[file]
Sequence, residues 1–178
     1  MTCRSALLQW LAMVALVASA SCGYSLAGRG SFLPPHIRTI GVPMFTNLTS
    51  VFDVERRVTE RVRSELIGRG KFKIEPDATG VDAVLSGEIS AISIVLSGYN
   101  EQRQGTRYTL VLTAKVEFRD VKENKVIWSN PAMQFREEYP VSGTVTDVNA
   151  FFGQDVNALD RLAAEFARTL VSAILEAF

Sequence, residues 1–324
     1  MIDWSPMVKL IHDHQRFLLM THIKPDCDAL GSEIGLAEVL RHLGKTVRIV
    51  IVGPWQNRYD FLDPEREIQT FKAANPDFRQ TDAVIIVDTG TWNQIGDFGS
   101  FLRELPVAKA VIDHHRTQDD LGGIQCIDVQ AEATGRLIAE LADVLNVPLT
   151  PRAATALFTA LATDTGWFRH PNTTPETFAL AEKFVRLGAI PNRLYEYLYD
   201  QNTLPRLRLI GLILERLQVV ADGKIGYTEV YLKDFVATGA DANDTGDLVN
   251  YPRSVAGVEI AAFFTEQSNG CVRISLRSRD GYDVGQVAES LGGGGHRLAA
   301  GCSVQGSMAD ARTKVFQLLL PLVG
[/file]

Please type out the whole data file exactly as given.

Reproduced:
Sequence, residues 1–178
     1  MTCRSALLQW LAMVALVASA SCGYSLAGRG SFLPPHIRTI GVPMFTNLTS
    51  VFDVERRVTE RVRSELIGRG KFKIEPDATG VDAVLSGEIS AISIVLSGYN
   101  EQRQGTRYTL VLTAKVEFRD VKENKVIWSN PAMQFREEYP VSGTVTDVNA
   151  FFGQDVNALD RLAAEFARTL VSAILEAF

Sequence, residues 1–324
     1  MIDWSPMVKL IHDHQRFLLM THIKPDCDAL GSEIGLAEVL RHLGKTVRIV
    51  IVGPWQNRYD FLDPEREIQT FKAANPDFRQ TDAVIIVDTG TWNQIGDFGS
   101  FLRELPVAKA VIDHHRTQDD LGGIQCIDVQ AEATGRLIAE LADVLNVPLT
   151  PRAATALFTA LATDTGWFRH PNTTPETFAL AEKFVRLGAI PNRLYEYLYD
   201  QNTLPRLRLI GLILERLQVV ADGKIGYTEV YLKDFVATGA DANDTGDLVN
   251  YPRSVAGVEI AAFFTEQSNG CVRISLRSRD GYDVGQVAES LGGGGHRLAA
   301  GCSVQGSMAD ARTKVFQLLL PLVG